If there's one thing Portlanders new and old can agree on, it's our mutual displeasure with reporters parachuting into the city and trying to convince other people to come here.
If there's a second thing that unites us, it's a love of schadenfreude.
Among the article's most egregious misrepresentations:
- “A Portlandian is a Portland immigrant.”
- “[P]ublic nudity is legal throughout the year.”
- “Also legal is graffiti, which explains the colourful murals on so many buildings.”
- “[R]estaurants and bars are legally required to provide vegetarian options.”
- “Portland bans strip malls.”
That's not to mention the more subjective falsehoods, such as the assertion that no one hangs out downtown, only tourists shop at Powell's and that wearing North Face apparel is a major faux pas.
Some of the most glaring errors in the article—which has since been taken offline—are attributed to "a 30-something, hipster guide" with tour company Wildwood Adventures, which led to giddy speculation that this was a purposeful deception along the lines of the New York Times' "grunge-speak" debacle of the early '90s.
Well, sorry to burst your bubble. WW spoke to the tour guide cited in the piece, and he's just as confused as the rest of us.
"I'm not sure what happened here," says Hatham Al-Shabibi, whose own name is among the article's many mistakes—he's referred to as "Hathan" by the author, Kim Pemberton.
(Postmedia Network did not immediately respond to WW's request for comment.)
Originally from Boston, Al-Shabibi, 31, has lived in Portland for seven years and worked as a manager at Wildwood for 10 months. He says he never spoke to Pemberton directly, and only became aware of the article when WW brought it to his attention. While he admits to having a "dry, sarcastic" sense of humor, he says he would never knowingly disseminate false information about the city.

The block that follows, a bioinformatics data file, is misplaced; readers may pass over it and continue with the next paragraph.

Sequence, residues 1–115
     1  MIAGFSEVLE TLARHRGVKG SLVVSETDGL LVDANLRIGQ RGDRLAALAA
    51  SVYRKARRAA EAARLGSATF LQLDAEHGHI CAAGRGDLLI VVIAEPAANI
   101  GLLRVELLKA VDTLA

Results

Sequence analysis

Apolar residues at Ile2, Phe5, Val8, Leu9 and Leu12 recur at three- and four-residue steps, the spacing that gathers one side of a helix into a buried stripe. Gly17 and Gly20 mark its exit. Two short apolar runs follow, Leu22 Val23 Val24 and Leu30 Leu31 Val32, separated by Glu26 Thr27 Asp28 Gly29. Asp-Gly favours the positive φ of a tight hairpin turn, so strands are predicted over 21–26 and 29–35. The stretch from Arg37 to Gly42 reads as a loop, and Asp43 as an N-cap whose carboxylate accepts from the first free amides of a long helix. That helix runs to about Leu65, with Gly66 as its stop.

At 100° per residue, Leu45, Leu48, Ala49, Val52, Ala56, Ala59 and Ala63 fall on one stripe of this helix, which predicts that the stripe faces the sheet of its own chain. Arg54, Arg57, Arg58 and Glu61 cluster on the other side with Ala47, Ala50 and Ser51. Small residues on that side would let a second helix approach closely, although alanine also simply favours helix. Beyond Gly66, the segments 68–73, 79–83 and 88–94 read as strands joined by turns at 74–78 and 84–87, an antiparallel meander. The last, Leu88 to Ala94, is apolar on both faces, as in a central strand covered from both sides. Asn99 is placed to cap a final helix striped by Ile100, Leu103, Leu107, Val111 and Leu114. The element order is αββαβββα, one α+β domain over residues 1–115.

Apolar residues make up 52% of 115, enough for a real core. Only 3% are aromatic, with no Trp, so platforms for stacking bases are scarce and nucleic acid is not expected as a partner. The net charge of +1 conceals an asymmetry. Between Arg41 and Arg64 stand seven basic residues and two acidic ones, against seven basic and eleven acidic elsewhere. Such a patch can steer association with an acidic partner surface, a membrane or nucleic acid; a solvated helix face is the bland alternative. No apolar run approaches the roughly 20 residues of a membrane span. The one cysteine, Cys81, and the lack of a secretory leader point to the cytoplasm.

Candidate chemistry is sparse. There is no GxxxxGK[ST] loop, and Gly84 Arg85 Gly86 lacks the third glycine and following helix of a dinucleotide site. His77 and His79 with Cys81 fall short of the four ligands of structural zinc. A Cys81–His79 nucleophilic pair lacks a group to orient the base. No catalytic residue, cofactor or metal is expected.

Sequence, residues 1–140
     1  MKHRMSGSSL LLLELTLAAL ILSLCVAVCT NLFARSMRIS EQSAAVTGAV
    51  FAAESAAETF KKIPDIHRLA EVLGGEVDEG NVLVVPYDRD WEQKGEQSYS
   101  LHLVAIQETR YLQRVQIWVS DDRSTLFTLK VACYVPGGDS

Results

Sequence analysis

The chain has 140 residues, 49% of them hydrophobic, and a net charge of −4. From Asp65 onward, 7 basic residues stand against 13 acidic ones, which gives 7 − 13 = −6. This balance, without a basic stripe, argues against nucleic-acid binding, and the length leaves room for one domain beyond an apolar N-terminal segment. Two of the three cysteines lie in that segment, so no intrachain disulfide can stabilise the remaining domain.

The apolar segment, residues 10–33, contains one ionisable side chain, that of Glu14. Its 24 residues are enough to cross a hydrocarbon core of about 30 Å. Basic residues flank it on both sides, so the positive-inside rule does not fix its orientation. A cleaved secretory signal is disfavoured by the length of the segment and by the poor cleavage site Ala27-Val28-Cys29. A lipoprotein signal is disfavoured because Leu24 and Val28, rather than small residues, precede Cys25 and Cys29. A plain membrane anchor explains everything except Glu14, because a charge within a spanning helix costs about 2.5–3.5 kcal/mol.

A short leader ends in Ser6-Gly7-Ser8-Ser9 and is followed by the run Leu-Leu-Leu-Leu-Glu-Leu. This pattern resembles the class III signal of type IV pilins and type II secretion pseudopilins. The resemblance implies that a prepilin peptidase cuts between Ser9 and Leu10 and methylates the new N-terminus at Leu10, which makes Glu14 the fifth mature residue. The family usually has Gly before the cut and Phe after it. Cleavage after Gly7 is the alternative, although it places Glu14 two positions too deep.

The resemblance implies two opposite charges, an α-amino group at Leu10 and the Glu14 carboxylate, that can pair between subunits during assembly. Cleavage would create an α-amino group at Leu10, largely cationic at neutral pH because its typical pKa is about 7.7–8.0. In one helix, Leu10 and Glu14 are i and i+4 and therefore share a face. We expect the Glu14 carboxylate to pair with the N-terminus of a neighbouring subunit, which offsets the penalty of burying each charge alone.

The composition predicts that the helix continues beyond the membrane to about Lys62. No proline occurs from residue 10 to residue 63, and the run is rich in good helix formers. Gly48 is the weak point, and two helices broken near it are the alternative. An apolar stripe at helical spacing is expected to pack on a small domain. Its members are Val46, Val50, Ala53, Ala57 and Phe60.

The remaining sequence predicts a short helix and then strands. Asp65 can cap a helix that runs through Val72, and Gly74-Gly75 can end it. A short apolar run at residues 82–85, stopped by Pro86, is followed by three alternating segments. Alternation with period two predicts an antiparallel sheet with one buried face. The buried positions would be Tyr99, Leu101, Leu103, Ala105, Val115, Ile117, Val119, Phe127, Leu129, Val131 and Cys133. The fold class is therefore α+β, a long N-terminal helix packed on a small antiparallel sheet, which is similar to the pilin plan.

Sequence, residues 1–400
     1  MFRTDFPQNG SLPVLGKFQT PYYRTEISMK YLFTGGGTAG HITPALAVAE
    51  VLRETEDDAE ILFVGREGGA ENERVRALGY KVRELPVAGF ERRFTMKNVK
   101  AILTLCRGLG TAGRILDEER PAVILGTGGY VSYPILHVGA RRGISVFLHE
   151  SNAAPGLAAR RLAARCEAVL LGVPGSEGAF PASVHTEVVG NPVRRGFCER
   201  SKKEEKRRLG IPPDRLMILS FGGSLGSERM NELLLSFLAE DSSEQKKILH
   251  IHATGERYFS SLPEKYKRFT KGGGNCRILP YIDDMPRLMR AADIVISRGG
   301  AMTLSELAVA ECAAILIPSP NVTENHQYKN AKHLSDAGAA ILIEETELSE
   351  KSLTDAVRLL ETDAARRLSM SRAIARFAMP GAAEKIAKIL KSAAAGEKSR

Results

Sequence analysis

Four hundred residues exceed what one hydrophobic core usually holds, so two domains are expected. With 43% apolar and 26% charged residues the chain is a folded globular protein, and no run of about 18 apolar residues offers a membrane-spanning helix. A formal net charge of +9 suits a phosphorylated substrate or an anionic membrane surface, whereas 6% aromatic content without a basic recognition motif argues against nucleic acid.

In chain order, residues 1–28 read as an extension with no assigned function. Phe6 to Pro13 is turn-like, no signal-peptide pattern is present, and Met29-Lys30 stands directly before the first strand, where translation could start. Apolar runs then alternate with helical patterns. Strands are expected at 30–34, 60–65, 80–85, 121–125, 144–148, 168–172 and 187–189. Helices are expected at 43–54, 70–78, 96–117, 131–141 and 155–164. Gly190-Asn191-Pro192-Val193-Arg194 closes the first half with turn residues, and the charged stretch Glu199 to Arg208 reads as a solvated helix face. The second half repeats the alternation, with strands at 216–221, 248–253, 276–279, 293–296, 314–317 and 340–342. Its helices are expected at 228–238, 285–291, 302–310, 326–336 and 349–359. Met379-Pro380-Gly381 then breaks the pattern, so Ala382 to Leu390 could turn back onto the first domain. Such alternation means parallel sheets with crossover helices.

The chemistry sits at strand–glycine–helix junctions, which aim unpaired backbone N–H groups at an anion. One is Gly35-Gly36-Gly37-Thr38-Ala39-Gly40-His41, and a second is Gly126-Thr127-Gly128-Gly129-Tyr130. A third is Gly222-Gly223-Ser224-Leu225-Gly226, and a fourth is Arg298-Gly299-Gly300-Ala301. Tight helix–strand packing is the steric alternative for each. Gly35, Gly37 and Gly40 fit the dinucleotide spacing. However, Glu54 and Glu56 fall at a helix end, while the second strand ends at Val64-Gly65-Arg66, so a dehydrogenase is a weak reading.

"As much as I want to troll people sometimes, my job is to give a great city tour," he says. "I keep it as professional as possible."
Al-Shabibi—who has family in Toronto—says he gives a similar spiel on every tour. For instance, he points out that bars in Portland are obligated to provide food, and notes that many places offer vegetarian options. But he does not say that "restaurants and bars are legally required to provide vegetarian options," as the article states. He also says that police overlook public nudity during the Naked Bike Ride, but does not claim that "public nudity is legal throughout the year."
This direct quote attributed to him in the piece is inaccurate as well:
“There are three fashion faux pas here: It’s weird to get dressed up, don’t use an umbrella and don’t wear North Face (an American clothing brand),” he says.
While he does mention the oft-repeated Portland-hates-umbrella trope, and argues that Portland does have a relaxed fashion sense, he does not say Portlanders flat-out "don't wear North Face," only that they generally prefer to wear Columbia gear, because it's a local company.
"The first two points are tongue-in-cheek, but there's truth to it," Al-Shabibi says, adding, "Maybe I should try being less tongue-in-cheek in the future. [It's a] learning experience."
And the lesson for Postmedia Network? Maybe hire some fact-checkers.